In the Taoist belief, there is a singular source that is also the force that animates all things. This is called the “Tao,” which roughly translates to “the way.” The way is the means by which man comes into harmony with everything. Harmony is achieved through being spontaneous, natural, simple and through, as the enigmatic aphorism states, “doing by not-doing,” presumably by letting go of all desires, and letting the “Tao” do the doing. This appears to be at the heart of the collection of works by Luisito Balmes for his solo exhibit “Element.” A collection of round abstract expressionist works, they take on the idea of the famous symbol of oneness in Taoism, the round “yin and yang.” Symbolizing the everlasting opposition of forces that arise from the primal force that drives creation, it emphasizes oneness in all things, despite the differences that arise. Hence Balmes’ collection of round works, with a multitude of colors blending into each other. And although there is a multiplicity of expression in the collection, we are reminded of their singularity by the title that describes just one element, and not its plural form. His method of putting basic colors together recalls how a color wheel, when spun fast enough, reflects not a rainbow, but rather, pure white light.
On making the collection, the artist reflects at how painting could be a metaphor for life. The artist relates how “each paint reacts differently from the other. And each paint has a life cycle. Some dry faster than others. Some are easier to apply. Some paint do not mix well together. Harmony comes when we get to know all of the paints and work with them, instead of imposing on them what we want. By working with the paint and the canvas, we achieve depth and a variety of colors and expressions that is effortless.”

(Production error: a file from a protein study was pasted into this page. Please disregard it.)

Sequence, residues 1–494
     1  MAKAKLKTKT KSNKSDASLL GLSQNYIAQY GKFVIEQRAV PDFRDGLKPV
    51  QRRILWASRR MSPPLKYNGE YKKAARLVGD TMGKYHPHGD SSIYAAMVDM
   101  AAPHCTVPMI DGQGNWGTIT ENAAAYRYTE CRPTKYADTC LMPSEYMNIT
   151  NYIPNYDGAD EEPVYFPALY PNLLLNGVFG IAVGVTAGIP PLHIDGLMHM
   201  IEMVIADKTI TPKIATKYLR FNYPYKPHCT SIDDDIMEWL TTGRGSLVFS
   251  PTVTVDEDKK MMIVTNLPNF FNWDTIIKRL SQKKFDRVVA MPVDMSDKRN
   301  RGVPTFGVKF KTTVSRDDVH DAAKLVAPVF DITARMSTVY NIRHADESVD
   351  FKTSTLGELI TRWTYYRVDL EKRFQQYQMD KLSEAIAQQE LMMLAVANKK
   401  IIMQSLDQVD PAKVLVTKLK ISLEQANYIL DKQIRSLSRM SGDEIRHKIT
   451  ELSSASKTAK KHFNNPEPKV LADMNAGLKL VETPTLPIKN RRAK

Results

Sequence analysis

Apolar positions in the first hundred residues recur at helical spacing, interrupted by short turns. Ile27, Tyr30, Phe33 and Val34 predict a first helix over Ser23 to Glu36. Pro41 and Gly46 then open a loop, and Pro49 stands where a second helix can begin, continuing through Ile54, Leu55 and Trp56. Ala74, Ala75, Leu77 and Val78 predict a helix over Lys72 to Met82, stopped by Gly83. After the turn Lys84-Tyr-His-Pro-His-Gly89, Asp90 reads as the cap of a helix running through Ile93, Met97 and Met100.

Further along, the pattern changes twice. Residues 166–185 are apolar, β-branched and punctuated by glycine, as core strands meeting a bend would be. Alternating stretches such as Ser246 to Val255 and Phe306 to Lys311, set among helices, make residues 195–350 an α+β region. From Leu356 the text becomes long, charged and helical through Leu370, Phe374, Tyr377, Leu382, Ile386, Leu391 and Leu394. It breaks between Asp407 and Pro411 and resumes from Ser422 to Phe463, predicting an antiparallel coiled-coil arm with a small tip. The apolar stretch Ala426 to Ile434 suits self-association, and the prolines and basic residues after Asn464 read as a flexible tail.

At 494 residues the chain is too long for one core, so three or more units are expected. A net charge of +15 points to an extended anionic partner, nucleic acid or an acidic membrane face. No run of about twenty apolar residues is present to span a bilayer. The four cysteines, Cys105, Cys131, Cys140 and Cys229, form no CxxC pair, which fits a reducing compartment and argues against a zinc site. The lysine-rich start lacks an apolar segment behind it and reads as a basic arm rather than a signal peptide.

As contemporary works of abstract expressionism, Balmes is also concerned with the sublime. Although the sublime, as a concept, dates to the late 17th century, art critic Robert Rosenblum points out the preoccupation of abstract expressionism with the feelings of awe that arise from experiencing the ineffable. This in itself is especially important now, as we need to be reminded that there is something more “beyond the ‘eat-sleep-work’ of this cruel life,” as the band After Image aptly describes. However, in Balmes’ work, we are celebrating not a way of seeing, as many art movements have done in the past, but a way of making. In his effortless canvases we remember the joy of discovering things for the first time: in his instance, how paint flows, how canvas absorbs it, what colors are and how it affects us. It is discovering the very nature of his materials and collaborating with them—coaxing them to merge together, and not impose a pattern or idea on them. With his act of making by not making, we are tied to something primordial—that unifiying element that exists in all things—a harmony that can only be understood when we let go, and just go with the flow. As in everything, there is a season, a time to reap, and a time to sow. There is an order that is greater than us. It is an order that we barely have time to participate in, with our busy schedules and lives broken from one engagement to the next. Balmes’ act of making reminds us of the unity in things, and this we need now more than ever. In this, he is in his element.